Next page . . . . Previous page . . . . Speeches . . . . Contents . . . . Sittings . . . . Search

Legislative Assembly for the ACT: 1995 Week 9 Hansard (22 November) . . Page.. 2253..


MS FOLLETT (continuing):

Mr Speaker, I have had put to me also the view that this Bill somehow means that palliative care will be reduced or not provided to dying patients. This, of course, is nonsense. Canberra, as we all know, is very fortunate in having a palliative care service of the very highest standard. It is a service which is greatly valued by all who come into contact with it. Successive governments have sought to add to the palliative care resources in the community. Most notable in recent times has been Labor's action in funding and opening the ACT's hospice. I regard it as little more than scaremongering to imply that there is anything in this Bill which will jeopardise palliative care. I can certainly offer the assurance that, if there is any such jeopardy, everyone in this Labor team will support to their utmost the continued provision of a full range of high-quality palliative care services. Nor should euthanasia ever be seen as some kind of an alternative to palliative care. Clearly, such a view completely ignores the wishes of the patient concerned. As I have said before, it is the expressed wishes of the patient which this Bill seeks to protect.

In conclusion, Mr Speaker, my support for this Bill is based on my desire to extend the options available to people in the terminal stages of a terminal illness, particularly those whose pain and suffering cannot be relieved by current methods. My support, whilst quite firm, is offered with a great deal of regret that not everyone is granted an easy death. I have seen enough of diseases like AIDS and cancer to know that, for a small number of people, the suffering at the end of their disease may be unendurable for them. If they wish it - and only if they wish it - I believe they should be offered a way out, and those who use their professional skills to help provide that way out should not be subject to criminal sanction.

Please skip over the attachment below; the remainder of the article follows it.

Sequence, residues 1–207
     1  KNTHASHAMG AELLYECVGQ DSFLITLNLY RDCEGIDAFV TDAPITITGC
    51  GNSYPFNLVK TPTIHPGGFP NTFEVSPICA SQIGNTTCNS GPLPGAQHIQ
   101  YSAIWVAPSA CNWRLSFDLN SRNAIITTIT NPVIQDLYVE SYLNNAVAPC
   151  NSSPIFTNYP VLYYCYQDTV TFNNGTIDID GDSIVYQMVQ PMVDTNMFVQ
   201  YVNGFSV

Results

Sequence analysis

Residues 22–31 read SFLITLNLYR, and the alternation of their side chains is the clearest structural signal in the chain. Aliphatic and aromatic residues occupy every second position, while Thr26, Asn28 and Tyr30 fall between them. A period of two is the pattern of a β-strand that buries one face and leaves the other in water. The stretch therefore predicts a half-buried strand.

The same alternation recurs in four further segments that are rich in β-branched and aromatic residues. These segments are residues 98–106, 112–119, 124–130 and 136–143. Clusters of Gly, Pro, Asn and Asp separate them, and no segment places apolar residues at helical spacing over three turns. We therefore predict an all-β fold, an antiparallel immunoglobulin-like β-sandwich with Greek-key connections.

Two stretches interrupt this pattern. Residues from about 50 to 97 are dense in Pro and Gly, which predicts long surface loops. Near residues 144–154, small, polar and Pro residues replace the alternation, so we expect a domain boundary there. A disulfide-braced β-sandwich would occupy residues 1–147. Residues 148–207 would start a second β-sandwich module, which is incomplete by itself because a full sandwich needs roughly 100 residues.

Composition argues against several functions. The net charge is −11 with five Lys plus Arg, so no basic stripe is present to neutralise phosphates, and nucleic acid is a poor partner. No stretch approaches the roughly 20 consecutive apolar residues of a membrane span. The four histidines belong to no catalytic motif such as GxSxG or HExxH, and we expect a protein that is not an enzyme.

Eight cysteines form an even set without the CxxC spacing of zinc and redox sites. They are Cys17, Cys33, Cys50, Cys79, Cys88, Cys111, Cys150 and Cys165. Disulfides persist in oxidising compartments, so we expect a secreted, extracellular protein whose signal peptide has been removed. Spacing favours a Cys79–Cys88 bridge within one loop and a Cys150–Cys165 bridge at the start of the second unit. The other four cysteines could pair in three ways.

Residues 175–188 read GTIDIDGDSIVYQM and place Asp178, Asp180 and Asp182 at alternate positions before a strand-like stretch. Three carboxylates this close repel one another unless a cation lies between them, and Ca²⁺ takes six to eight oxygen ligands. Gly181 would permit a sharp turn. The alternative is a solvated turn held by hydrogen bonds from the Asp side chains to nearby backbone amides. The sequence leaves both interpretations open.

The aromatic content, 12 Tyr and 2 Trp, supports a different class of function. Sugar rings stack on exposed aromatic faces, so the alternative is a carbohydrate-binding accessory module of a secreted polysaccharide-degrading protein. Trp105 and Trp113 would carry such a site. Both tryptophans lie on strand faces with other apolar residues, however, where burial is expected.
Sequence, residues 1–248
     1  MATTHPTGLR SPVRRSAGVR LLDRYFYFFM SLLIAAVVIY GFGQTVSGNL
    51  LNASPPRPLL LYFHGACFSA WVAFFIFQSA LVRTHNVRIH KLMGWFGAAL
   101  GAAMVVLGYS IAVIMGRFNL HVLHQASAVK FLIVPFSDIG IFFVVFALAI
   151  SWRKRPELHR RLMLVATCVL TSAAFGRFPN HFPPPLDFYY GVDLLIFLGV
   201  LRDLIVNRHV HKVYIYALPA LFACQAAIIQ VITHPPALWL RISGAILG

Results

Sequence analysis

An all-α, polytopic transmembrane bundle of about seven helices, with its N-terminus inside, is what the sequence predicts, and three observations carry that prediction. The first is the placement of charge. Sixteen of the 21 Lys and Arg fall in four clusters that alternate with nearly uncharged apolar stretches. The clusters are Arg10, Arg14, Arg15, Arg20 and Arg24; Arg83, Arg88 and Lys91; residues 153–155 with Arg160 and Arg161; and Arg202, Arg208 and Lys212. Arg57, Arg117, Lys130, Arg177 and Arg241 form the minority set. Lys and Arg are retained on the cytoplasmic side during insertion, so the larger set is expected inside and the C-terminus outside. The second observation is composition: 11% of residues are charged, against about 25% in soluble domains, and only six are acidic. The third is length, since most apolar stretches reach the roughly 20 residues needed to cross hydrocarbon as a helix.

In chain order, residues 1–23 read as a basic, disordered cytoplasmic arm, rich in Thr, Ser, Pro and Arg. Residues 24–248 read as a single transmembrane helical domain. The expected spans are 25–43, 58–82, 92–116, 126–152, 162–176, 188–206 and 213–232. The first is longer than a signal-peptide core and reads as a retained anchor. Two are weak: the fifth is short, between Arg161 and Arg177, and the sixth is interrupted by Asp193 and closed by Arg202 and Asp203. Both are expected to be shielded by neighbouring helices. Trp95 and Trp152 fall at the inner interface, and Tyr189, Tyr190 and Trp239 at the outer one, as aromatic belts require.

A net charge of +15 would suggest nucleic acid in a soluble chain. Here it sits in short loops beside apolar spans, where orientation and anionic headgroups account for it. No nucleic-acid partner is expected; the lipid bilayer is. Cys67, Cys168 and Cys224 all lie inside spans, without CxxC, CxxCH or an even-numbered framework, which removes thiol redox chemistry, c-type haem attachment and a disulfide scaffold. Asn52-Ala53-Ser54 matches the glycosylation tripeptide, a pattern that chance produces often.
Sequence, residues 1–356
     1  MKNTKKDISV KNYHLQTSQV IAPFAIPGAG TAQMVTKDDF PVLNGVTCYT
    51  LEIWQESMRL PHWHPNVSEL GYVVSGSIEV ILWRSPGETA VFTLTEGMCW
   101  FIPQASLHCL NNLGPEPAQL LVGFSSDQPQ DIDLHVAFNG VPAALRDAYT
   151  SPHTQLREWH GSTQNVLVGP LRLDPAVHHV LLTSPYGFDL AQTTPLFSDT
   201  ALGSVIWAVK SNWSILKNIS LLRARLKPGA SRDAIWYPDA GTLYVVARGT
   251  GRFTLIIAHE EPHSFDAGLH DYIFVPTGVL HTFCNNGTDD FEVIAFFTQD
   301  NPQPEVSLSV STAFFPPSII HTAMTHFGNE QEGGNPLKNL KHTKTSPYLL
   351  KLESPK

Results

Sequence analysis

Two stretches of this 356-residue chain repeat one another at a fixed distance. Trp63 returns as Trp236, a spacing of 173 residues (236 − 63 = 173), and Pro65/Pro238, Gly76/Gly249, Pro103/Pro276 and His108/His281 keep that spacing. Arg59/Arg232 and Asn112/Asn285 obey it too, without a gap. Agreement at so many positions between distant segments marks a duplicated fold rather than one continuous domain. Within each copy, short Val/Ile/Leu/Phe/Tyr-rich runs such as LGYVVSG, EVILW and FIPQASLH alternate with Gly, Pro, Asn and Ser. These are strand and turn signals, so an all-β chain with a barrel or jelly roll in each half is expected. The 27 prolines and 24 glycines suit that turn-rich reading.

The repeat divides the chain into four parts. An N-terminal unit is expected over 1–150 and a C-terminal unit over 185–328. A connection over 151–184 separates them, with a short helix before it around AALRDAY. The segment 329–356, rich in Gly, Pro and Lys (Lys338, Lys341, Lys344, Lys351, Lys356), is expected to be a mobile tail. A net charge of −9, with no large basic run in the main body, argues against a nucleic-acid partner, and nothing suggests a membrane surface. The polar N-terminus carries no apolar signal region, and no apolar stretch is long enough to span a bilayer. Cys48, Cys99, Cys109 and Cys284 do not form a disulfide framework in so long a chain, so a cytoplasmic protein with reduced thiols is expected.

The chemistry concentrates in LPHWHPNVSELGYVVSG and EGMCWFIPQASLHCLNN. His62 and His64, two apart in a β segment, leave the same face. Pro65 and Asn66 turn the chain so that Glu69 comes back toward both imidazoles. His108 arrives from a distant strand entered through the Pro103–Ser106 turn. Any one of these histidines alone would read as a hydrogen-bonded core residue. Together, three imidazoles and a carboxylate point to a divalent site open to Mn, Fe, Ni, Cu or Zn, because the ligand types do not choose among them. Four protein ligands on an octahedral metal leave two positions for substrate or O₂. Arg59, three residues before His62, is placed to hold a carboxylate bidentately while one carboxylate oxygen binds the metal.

Debate interrupted.

DISTINGUISHED VISITOR

MR SPEAKER: I inform members of the presence in the gallery of the Leader of the National Party, Mr Tim Fischer, from the Commonwealth Parliament of Australia. On behalf of all members, I bid him a warm welcome.

MEDICAL TREATMENT (AMENDMENT) BILL 1995

Debate resumed.

MR DE DOMENICO (Minister for Urban Services) (11.07): I heard what Mr Osborne and Ms Follett said. I will not be supporting this Bill. My condemnation of the Bill should not be seen as a condemnation of any individual or any individual view. To condemn any individual would be to condemn many people I personally love and respect and who have a view opposite to mine. I am thankful that I can express my individual view on the issue. This Bill is something that I racked my mind about.


Next page . . . . Previous page. . . . Speeches . . . . Contents . . . . Sittings . . . . Search